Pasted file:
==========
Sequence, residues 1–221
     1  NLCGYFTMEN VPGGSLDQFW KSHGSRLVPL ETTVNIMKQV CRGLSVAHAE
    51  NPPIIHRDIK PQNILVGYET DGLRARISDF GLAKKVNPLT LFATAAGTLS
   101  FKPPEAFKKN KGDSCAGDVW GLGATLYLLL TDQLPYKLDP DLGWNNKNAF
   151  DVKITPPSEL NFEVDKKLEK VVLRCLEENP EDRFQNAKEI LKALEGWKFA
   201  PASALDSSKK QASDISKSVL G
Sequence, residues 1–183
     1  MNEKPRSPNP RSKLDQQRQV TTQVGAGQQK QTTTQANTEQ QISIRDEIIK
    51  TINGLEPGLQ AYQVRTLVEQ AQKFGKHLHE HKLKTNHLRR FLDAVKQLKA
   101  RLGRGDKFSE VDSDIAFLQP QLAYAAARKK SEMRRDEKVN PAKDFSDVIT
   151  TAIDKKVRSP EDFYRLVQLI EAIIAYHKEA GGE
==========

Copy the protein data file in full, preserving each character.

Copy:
Sequence, residues 1–221
     1  NLCGYFTMEN VPGGSLDQFW KSHGSRLVPL ETTVNIMKQV CRGLSVAHAE
    51  NPPIIHRDIK PQNILVGYET DGLRARISDF GLAKKVNPLT LFATAAGTLS
   101  FKPPEAFKKN KGDSCAGDVW GLGATLYLLL TDQLPYKLDP DLGWNNKNAF
   151  DVKITPPSEL NFEVDKKLEK VVLRCLEENP EDRFQNAKEI LKALEGWKFA
   201  PASALDSSKK QASDISKSVL G
Sequence, residues 1–183
     1  MNEKPRSPNP RSKLDQQRQV TTQVGAGQQK QTTTQANTEQ QISIRDEIIK
    51  TINGLEPGLQ AYQVRTLVEQ AQKFGKHLHE HKLKTNHLRR FLDAVKQLKA
   101  RLGRGDKFSE VDSDIAFLQP QLAYAAARKK SEMRRDEKVN PAKDFSDVIT
   151  TAIDKKVRSP EDFYRLVQLI EAIIAYHKEA GGE